Studies have shown that low levels of employee wellbeing can reduce productivity at work, but can also have negative effects on employees’ overall physical and mental health (Deloitte). In the last few years, public interest in wellbeing has grown significantly – particularly within the workplace. While most organisations have the concept of office wellbeing and mental health on their radar, very few have made active changes. According to a report conducted by CIPD, just two-fifths have a formal strategy in support of their wider organisation strategy; while a similar proportion believe their organisation’s approach is more reactive than proactive.
Writing in Forbes, Jim Purcell puts forward that in order to achieve wellbeing, you first have to look at the culture within the workplace. If an organisation has the right culture, it determines whether the wellbeing initiatives will succeed when they are put in place. So what is a workplace culture? “A workplace culture consists of unwritten rules about what it really means to be an employee at the company”. This involves encouraging employee socialisation, as well as providing support and management training which helps explain how employee wellbeing can be prioritised.
Other factors that contribute towards employee wellbeing are more environmental: views, daylight, air quality, and temperature. Several research studies report that sunlight helps support healthy circadian rhythms, while “the impact of views highlights a 10-15 percent reduction in absenteeism, improved sleep cycles, and lower markers of stress” (Work Design Magazine).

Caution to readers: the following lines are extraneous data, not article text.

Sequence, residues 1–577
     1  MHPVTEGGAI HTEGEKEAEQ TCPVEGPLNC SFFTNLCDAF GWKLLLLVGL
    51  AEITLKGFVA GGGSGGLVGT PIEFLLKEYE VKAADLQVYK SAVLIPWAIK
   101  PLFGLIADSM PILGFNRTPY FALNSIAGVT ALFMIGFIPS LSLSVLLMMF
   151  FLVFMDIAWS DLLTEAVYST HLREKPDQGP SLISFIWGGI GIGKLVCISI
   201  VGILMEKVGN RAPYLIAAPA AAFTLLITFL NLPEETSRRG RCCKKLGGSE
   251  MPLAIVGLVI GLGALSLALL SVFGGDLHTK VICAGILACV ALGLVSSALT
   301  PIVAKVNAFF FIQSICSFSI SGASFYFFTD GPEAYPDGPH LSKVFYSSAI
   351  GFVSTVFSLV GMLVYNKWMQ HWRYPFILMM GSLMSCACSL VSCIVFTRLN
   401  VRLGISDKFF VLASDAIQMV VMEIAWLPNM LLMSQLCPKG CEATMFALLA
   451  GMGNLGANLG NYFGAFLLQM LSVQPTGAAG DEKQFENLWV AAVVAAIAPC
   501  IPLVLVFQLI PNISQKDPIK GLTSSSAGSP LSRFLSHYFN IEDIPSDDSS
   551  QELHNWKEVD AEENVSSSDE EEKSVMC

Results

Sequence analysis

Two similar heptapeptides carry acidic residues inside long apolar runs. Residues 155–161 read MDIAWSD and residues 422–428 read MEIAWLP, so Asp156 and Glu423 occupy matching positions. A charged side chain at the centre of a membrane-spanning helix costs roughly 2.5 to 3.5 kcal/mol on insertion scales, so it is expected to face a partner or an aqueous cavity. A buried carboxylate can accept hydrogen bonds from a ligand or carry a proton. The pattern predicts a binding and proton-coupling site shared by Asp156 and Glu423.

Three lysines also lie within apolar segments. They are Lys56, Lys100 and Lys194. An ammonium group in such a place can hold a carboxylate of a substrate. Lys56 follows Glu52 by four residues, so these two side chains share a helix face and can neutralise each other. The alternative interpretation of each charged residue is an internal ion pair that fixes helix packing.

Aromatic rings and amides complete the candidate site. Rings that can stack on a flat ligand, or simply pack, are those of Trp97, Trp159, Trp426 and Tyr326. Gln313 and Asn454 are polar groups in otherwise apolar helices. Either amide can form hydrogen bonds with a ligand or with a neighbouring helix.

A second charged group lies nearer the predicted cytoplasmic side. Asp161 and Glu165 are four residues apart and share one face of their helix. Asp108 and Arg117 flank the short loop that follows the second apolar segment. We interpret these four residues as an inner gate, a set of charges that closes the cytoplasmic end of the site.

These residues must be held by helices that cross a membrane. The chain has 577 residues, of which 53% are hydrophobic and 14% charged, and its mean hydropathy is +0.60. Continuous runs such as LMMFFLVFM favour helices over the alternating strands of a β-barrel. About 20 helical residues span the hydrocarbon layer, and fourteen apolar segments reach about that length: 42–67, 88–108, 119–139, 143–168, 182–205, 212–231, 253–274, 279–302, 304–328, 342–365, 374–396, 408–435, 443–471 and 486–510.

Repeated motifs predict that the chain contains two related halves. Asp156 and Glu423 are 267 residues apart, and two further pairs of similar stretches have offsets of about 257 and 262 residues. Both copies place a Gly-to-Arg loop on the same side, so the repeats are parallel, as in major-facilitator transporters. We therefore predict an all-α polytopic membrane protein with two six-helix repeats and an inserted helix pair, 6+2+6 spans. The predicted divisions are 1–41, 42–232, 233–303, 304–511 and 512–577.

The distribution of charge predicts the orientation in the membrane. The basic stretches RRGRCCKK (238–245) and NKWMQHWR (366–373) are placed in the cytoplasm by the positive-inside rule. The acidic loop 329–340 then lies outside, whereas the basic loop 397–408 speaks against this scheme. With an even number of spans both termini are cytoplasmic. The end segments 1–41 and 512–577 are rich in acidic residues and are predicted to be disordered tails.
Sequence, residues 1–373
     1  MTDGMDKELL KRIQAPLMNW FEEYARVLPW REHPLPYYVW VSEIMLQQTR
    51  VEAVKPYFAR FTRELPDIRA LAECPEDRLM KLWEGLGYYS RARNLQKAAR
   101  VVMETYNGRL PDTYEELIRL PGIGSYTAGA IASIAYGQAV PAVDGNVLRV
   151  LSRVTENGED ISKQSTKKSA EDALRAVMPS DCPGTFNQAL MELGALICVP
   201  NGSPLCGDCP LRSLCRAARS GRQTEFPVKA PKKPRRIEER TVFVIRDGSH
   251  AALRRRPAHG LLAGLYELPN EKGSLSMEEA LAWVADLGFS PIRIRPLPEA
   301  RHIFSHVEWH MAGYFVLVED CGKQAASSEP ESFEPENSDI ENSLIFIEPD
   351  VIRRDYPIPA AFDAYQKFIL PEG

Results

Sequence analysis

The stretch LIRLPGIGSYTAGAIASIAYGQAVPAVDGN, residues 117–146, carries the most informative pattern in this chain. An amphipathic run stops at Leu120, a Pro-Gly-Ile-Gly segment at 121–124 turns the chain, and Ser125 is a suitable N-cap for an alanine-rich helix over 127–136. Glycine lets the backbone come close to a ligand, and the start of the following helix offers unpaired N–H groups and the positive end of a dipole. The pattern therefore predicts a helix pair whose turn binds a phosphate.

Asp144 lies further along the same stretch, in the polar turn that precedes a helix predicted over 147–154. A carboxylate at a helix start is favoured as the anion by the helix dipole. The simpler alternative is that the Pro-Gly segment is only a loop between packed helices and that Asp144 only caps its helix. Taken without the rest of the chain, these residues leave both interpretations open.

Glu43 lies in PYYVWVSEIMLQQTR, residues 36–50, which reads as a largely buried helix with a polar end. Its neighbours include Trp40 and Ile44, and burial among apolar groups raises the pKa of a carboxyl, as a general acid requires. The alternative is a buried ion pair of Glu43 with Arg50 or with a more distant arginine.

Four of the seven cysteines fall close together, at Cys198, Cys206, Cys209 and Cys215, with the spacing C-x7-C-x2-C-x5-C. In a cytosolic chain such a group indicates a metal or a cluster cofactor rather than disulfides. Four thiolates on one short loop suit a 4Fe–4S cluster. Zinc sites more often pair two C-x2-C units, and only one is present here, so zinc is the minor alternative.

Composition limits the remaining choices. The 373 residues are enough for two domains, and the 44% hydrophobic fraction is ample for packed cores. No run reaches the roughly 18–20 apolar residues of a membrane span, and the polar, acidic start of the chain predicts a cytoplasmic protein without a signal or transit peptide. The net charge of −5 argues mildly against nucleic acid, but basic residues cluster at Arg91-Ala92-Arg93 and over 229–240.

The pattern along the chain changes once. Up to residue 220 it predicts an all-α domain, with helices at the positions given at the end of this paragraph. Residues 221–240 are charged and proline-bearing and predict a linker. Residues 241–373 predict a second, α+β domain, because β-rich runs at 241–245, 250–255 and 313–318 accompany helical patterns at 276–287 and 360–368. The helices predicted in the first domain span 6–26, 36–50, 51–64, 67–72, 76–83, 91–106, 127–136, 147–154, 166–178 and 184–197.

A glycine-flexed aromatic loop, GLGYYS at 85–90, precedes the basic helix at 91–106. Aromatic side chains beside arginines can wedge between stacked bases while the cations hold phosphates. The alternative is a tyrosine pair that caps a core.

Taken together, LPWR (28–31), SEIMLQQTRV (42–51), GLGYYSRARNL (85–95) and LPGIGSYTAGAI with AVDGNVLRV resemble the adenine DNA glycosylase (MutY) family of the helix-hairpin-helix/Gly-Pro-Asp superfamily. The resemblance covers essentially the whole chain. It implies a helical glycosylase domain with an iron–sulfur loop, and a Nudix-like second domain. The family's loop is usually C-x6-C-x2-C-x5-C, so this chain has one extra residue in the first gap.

In a recent article, OnOffice looks at the Danish concept of “Arbejdsglæde”, which means “finding joy and balance at work”. This can be achieved through designing offices to be spacious, simple and stripped back. However, OnOffice encourages employers: “we can design our offices to promote arbejdsglæde, but we can also go further as organisations and employers, bringing the concept to our work culture”. This involves focusing on work-life balance, valuing lunch breaks, and building a culture where employees feel comfortable to seek support.
“Workplace mental health and wellbeing is a significant issue which employers have a moral as well as economic reason to address. Employees who can take proactive measures to manage their mental health and wellbeing, can give their best at work. Poor mental health impacts employees, their families, employers and the state. An acknowledgement of this economic impact is reflected in the increased focus on mental health in policymaking, especially the political commitments to achieve parity in treatment of mental and physical health, and the increasing role of employers to support their employees’ mental health.” (Deloitte)
According to a recent report from CIPD, “Three-quarters of respondents from organisations with health and well-being activity believe it has resulted in positive organisational outcomes over the last 12 months”. From reporting higher morale and engagement, all the way through to reducing the number of sickness absences – employing office wellbeing strategies seems to have a clear impact within organisations.